Creating a Clear Path to Interoperable Communications for America's First Responders

Federal Communications Commission, 445 12th Street SW, Washington, DC, 20554, United States

The Federal Communications Commission's Public Safety Bureau, based on the recommendations of the FCC's Emergency Response Interoperability Center (ERIC), is working toward a technical interoperability framework.

The ERIC recommendations were developed following a thorough review of fifteen interoperability showings from early builders of 700 MHz public safety mobile broadband networks, as well as extensive comments by the public safety community. This technical framework will help ensure from day one that interoperability is achieved among all public safety broadband networks. It also moves us closer to ensuring that the nation will not face the same magnitude of problems previously identified by the 9/11 Commission and others regarding the limitations and inability of America's first responders to effectively communicate with one another during 9/11 and then, subsequently, during and in the immediate aftermath of Hurricane Katrina. We look forward to our continued work with America's first responders, state and local emergency managers and hospital emergency departments to make sure their broadband communications needs are met.

Under the baseline technical framework, waiver recipients will:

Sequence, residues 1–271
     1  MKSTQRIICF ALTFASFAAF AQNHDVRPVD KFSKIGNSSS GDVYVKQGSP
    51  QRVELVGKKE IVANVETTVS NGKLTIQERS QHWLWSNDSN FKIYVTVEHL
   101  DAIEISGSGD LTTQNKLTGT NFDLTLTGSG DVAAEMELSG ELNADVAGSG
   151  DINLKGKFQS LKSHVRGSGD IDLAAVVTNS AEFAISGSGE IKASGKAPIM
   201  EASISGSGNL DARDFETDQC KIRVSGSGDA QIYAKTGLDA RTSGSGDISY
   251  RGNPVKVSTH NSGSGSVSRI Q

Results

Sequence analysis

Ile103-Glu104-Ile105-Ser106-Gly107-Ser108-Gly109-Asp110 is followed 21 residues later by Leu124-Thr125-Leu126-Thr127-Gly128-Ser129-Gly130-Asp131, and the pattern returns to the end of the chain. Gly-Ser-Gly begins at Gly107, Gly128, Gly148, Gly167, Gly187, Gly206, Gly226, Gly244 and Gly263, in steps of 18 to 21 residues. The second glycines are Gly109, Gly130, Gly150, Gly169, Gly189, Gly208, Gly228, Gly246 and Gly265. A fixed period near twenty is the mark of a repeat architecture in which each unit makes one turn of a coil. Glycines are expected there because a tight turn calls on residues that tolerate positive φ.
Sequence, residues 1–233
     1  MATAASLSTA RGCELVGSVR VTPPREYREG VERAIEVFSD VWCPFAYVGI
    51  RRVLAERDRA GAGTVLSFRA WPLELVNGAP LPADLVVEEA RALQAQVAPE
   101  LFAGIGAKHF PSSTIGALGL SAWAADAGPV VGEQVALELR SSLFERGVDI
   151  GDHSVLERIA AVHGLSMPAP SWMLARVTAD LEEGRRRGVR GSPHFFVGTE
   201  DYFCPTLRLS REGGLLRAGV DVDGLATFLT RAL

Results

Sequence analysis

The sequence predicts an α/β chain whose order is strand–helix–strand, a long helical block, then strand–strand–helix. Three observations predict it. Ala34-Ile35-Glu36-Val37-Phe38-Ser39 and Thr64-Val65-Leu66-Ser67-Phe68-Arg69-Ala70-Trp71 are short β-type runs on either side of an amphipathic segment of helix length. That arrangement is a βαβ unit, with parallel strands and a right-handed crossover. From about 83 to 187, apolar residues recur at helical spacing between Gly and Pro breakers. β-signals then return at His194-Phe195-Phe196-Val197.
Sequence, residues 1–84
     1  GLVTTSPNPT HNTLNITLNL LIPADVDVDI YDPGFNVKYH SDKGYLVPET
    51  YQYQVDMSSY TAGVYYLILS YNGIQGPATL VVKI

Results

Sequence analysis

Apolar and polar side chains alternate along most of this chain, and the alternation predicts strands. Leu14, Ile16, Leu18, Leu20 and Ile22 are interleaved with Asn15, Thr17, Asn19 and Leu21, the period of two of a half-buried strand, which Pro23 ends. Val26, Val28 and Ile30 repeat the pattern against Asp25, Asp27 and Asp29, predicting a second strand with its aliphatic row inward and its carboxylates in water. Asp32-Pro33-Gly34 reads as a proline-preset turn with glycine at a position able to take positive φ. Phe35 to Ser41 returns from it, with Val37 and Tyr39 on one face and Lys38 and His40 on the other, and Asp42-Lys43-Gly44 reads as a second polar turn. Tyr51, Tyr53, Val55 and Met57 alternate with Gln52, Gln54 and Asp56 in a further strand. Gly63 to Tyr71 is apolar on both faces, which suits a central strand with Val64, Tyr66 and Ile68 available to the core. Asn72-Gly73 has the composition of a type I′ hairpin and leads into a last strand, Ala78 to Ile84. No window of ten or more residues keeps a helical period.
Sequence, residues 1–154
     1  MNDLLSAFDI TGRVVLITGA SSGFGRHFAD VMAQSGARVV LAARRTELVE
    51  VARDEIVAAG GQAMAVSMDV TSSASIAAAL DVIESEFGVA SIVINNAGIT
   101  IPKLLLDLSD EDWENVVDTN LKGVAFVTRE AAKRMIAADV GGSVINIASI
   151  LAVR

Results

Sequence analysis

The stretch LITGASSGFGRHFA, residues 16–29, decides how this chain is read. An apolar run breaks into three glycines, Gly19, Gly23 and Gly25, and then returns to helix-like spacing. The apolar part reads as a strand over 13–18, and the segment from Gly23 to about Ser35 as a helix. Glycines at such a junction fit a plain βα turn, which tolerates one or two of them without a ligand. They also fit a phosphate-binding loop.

• Construct networks that support Long Term Evolution (LTE) interfaces that support roaming and interoperability;
  • Construct networks that provide outdoor coverage at minimum data rates of 256 Kbps uplink and 768 Kbps downlink for all types of devices throughout the cell coverage area;
  • Provide 95 percent reliability of signal coverage for all services and applications throughout the network;
  • Conduct conformance testing on devices to ensure compliance with technical requirements associated with 3GPP Release 8 (LTE) and higher release standards;
  • Perform interoperability testing of the LTE interfaces to determine their roaming capabilities and make sure that these capabilities are sufficient;
  • Build security and encryption features into their networks based on certain optional features of the 3GPP security features for LTE Network Access Domain;
  • Allow to use permanent fixed point-to-point and point-to-multipoint stations only on an ancillary basis and on a non-interference basis to the primary mobile operations; and
  • Coordinate with one another when their networks overlap or operate adjacent to one another to avoid signal/spectral interference or disruption to communications.



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